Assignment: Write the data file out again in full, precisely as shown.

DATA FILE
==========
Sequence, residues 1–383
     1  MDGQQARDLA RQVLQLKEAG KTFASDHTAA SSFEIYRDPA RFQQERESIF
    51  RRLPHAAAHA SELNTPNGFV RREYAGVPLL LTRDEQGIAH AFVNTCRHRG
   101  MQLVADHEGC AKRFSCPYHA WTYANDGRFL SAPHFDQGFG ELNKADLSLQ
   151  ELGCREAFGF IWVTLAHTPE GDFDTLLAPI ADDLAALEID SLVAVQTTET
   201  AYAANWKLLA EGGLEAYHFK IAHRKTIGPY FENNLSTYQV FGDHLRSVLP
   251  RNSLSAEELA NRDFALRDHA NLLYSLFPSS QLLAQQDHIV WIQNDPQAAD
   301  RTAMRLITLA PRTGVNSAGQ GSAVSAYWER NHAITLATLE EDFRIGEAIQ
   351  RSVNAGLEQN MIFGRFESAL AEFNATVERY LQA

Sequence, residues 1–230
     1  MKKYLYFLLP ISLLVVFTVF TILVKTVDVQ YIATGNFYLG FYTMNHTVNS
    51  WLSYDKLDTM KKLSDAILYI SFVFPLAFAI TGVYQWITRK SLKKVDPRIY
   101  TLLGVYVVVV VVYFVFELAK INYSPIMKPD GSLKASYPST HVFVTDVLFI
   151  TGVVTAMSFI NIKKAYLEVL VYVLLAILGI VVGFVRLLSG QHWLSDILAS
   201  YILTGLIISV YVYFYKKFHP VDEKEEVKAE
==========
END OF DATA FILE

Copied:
Sequence, residues 1–383
     1  MDGQQARDLA RQVLQLKEAG KTFASDHTAA SSFEIYRDPA RFQQERESIF
    51  RRLPHAAAHA SELNTPNGFV RREYAGVPLL LTRDEQGIAH AFVNTCRHRG
   101  MQLVADHEGC AKRFSCPYHA WTYANDGRFL SAPHFDQGFG ELNKADLSLQ
   151  ELGCREAFGF IWVTLAHTPE GDFDTLLAPI ADDLAALEID SLVAVQTTET
   201  AYAANWKLLA EGGLEAYHFK IAHRKTIGPY FENNLSTYQV FGDHLRSVLP
   251  RNSLSAEELA NRDFALRDHA NLLYSLFPSS QLLAQQDHIV WIQNDPQAAD
   301  RTAMRLITLA PRTGVNSAGQ GSAVSAYWER NHAITLATLE EDFRIGEAIQ
   351  RSVNAGLEQN MIFGRFESAL AEFNATVERY LQA

Sequence, residues 1–230
     1  MKKYLYFLLP ISLLVVFTVF TILVKTVDVQ YIATGNFYLG FYTMNHTVNS
    51  WLSYDKLDTM KKLSDAILYI SFVFPLAFAI TGVYQWITRK SLKKVDPRIY
   101  TLLGVYVVVV VVYFVFELAK INYSPIMKPD GSLKASYPST HVFVTDVLFI
   151  TGVVTAMSFI NIKKAYLEVL VYVLLAILGI VVGFVRLLSG QHWLSDILAS
   201  YILTGLIISV YVYFYKKFHP VDEKEEVKAE